// Get recently active form
FormType *frmP = FrmGetActiveForm();
UInt16 defaultButtonID = FrmGlueGetDefaultButtonID(frmP);
// Create new event and place in to the event queue
EventType newEvent;
MemSet(&newEvent, sizeof(newEvent), 0);
newEvent.eType = ctlSelectEvent;
newEvent.data.ctlSelect.controlID = defaultButtonID;
newEvent.data.ctlSelect.pControl = (ControlType*)FrmGetObjectPtr(frmP,
                                   FrmGetObjectIndex(frmP,
                                   defaultButtonID));
EvtAddEventToQueue(&newEvent);
// and finally dismiss an item
AttnForgetIt(cardNo, dbID, userData);

Making Special Effects

As I have noted above, you can request some special effects upon generating an attention item; for example, LED blinking, vibration, playing a sound, or any other custom effect. A good practice is to verify whether the PDA has desired capabilities, for instance as follows:

UInt32 caps;
FtrGet(kAttnFtrCreator,kAttnFtrCapabilities,&caps);
if ( caps & kAttnFlagsHasLED == kAttnFlagsHasLED )
{
// set appropriate flags
}

If you have a requested sound effect, Attention Manager will send a kAttnCommandPlaySound command. Your application, in turn, may the play sound based either on user's preferences or its own using Sound Manager; say, calling SndPlaySystemSound as a simplest example.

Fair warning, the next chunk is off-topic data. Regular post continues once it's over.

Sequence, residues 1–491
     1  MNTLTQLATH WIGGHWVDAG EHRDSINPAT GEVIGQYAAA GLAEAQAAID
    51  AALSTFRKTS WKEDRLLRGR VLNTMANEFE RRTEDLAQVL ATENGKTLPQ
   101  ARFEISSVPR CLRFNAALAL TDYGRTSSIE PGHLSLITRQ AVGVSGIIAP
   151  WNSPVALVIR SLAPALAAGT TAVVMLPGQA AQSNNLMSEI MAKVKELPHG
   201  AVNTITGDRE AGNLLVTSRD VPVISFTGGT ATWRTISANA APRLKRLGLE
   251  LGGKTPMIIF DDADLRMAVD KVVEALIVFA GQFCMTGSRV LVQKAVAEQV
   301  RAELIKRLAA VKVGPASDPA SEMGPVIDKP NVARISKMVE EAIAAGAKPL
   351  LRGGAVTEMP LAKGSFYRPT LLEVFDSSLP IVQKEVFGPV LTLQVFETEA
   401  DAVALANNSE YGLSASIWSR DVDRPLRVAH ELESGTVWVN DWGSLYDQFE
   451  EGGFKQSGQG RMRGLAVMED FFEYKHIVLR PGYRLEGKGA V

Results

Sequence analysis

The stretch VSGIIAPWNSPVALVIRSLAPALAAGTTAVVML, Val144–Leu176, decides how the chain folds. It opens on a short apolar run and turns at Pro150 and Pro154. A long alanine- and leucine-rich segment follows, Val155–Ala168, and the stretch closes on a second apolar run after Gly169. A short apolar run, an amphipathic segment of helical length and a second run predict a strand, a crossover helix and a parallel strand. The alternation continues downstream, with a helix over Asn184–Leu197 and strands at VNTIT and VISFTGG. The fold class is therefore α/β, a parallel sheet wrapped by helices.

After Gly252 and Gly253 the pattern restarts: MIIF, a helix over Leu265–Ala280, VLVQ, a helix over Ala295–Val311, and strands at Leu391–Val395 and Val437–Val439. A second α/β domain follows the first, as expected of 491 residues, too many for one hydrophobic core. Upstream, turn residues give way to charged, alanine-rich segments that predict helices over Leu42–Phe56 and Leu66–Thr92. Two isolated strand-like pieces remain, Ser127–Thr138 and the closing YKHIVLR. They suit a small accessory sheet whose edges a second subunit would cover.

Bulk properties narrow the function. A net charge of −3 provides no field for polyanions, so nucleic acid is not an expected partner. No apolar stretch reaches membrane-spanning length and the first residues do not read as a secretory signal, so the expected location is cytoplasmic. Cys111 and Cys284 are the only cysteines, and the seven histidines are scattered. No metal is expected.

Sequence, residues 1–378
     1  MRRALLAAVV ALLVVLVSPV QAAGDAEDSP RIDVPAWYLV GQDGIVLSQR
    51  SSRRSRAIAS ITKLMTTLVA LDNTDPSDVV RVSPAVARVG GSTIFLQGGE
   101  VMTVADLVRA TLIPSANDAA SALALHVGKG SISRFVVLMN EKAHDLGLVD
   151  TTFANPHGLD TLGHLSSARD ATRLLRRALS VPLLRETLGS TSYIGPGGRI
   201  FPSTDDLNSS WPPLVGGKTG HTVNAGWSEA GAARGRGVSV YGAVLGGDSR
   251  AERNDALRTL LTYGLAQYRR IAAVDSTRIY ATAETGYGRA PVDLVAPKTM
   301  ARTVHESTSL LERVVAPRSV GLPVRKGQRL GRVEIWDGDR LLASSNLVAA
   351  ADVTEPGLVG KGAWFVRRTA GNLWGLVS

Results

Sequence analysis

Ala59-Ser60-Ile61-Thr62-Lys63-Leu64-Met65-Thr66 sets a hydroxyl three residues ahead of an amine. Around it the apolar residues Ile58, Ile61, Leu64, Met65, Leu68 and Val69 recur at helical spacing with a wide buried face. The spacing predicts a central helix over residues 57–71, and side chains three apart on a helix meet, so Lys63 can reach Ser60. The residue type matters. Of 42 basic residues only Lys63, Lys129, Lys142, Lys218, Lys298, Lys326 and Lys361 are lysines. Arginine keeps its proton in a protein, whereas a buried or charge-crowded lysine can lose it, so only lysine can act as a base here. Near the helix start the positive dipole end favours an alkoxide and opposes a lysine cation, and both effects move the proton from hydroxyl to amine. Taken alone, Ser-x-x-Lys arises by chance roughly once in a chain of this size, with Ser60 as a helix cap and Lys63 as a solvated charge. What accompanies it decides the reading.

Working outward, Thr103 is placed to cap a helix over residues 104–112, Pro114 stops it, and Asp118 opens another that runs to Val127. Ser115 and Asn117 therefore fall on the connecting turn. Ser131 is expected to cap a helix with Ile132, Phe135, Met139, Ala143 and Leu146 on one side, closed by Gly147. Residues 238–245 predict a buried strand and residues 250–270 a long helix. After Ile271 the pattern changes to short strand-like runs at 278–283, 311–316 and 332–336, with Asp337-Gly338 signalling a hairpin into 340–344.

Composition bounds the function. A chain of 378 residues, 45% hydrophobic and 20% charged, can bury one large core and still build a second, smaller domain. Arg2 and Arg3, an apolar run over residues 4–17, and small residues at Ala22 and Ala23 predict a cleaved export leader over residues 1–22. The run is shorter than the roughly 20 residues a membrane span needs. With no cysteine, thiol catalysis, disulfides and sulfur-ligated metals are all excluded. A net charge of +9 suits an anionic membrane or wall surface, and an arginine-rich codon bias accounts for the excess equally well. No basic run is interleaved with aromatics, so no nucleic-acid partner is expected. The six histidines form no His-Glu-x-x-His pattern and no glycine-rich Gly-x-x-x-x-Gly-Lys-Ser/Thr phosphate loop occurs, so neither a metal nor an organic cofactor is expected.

If you have specified a kAttnFlagsAlwaysCustomEffect flag, you'll be able to surprise the user by producing something gorgeous in response to a kAttnCommandCustomEffect command. Anyway, in both cases, the system doesn't inform you which sound to play or what is a special effect. You have to store it in the application's preferences or hardcode it.

Download

Download the accompanying code's zip file here.

About the Author

Alex Gusev started to play with mainframes at the end of the 1980s, using Pascal and REXX, but soon switched to C/C++ and Java on different platforms. When mobile PDAs seriously rose their heads in the IT market, Alex did it too. Now, he works at an international retail software company as a team leader of the Mobile R department, making programmers' lives in the mobile jungles a little bit simpler.